Bay's spring training has done little to allay fears that his best days may be behind him. He entered consecutive games against the Yankees to close Grapefruit League play hitting .195 with 13 strikeouts -- and without an RBI -- in 41 at-bats. Lucas Duda figures to jump ahead of Bay in the lineup after the first series. Collins does not want to stack the lefty-hitting Davis and Duda against the Braves this weekend because Atlanta has standout southpaws Jonny Venters and Eric O'Flaherty in its bullpen. Once the Nationals come to town, though, Bay may slip to sixth.
Scout's view: "I haven't seen him in a long time until this year. Obviously he has some raw power. He has some length to his swing. He has to cheat -- guess -- on the fastball a little bit to catch up to the better stuff. I'm thinking along the lines that he's an average major league player at this stage."
6. LUCAS DUDA, RF
Duda led the Mets in home runs during spring training, and showed opposite-field power, too. Without a doubt the strongest hitter powerwise on the Mets, he hit .292 with 10 homers and 50 RBIs in 100 games last season. He led National League rookies in slugging percentage (.482) and on-base percentage (.370) while ranking second in average, fourth in homers and fifth in RBIs. A natural first baseman, Duda moved late in the 2011 season to right field, the position vacated by Beltran. Defense should still be a work in progress. But the elimination of the "Mo's Zone" nook in the right-field corner as part of the Citi Field alterations should benefit Duda by providing truer bounces off the wall in addition to less ground to cover.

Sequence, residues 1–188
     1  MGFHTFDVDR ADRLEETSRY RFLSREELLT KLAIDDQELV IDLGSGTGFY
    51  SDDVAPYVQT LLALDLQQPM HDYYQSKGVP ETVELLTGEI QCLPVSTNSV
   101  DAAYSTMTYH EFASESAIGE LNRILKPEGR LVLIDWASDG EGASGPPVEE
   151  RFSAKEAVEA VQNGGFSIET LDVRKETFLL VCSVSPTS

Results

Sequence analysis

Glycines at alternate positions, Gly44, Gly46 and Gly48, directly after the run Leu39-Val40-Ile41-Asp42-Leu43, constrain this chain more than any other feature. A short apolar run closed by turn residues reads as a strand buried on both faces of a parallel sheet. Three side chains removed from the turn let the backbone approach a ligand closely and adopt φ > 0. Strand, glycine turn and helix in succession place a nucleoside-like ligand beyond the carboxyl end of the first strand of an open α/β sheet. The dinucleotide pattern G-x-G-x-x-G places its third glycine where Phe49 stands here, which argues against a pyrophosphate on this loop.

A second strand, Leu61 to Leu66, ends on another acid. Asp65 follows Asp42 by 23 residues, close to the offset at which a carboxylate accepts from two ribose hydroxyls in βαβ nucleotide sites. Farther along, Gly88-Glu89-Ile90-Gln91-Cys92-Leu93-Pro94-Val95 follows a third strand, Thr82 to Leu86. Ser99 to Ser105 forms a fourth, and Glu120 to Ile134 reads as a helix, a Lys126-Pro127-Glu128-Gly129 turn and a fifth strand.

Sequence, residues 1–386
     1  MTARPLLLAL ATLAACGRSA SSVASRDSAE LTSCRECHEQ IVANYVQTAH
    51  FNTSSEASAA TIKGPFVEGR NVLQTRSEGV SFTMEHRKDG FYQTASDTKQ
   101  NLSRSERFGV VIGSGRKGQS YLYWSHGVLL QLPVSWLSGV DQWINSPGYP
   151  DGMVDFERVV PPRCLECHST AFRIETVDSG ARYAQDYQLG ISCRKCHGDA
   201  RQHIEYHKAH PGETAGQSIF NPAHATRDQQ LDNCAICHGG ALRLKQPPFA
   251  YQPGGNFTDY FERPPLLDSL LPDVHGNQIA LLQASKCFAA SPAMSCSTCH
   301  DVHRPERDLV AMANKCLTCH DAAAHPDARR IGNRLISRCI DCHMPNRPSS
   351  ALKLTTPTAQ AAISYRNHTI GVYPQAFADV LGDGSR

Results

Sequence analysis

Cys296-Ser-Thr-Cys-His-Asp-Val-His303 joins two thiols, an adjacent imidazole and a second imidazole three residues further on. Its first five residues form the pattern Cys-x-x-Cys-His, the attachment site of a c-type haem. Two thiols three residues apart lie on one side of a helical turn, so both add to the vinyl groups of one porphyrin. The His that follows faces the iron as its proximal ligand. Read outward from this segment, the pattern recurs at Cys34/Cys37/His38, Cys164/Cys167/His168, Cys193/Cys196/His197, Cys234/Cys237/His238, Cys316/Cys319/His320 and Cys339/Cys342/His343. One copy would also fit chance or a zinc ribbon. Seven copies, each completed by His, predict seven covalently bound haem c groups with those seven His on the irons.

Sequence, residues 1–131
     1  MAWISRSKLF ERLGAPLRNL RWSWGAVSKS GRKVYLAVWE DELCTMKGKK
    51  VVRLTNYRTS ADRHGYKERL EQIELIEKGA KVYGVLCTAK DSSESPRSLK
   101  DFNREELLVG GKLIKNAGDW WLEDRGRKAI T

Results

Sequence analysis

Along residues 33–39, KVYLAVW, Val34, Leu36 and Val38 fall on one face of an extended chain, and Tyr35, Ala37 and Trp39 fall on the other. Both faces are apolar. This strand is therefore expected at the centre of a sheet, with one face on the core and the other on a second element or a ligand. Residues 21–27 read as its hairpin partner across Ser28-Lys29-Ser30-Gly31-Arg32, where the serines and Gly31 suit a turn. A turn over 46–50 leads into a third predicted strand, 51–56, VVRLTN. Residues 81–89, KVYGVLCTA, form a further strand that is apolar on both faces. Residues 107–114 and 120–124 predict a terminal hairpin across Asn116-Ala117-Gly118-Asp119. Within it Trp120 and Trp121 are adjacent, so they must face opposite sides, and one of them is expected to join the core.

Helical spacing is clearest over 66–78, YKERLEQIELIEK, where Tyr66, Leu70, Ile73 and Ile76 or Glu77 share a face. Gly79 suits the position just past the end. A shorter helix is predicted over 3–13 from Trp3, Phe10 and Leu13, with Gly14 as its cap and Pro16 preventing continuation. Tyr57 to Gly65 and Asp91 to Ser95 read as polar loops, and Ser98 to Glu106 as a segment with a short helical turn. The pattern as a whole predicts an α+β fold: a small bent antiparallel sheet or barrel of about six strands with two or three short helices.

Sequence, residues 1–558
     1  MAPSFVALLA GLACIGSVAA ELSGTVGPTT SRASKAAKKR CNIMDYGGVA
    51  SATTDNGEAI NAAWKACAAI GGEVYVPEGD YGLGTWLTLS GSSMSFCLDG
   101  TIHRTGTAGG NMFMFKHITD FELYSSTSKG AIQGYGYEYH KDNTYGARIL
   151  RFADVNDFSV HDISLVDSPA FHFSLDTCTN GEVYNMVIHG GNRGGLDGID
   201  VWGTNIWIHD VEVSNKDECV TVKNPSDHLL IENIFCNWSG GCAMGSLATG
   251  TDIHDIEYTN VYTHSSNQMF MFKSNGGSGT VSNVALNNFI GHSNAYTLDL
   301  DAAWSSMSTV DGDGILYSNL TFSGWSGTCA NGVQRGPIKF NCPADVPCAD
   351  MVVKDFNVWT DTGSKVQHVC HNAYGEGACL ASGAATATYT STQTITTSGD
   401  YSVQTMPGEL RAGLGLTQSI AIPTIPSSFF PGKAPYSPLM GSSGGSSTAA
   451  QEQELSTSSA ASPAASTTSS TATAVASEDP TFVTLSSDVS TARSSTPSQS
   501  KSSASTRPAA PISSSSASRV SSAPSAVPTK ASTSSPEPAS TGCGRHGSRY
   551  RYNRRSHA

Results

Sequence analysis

Scout's view: "Strong. I thought he showed the ability to hit the ball to the opposite field. I think he has big-time power potential and a chance to hit 30-plus home runs down the road."
7. JOSH THOLE, C
Thole led the National League in passed balls last season with 16, but that's a somewhat unfair statistic, since he was responsible for catching R.A. Dickey's knuckleball. Not a full-time catcher as a professional until May 2008, Thole has made significant strides. He no longer views inexperience as a valid excuse. After reviewing tape during the winter, Thole discovered he had way too many stances behind the plate. He also tended to rise up every pitch before squatting to receive the ball. He has worked to settle on one stance and reduce his movement in order to improve his mechanics throwing out runners.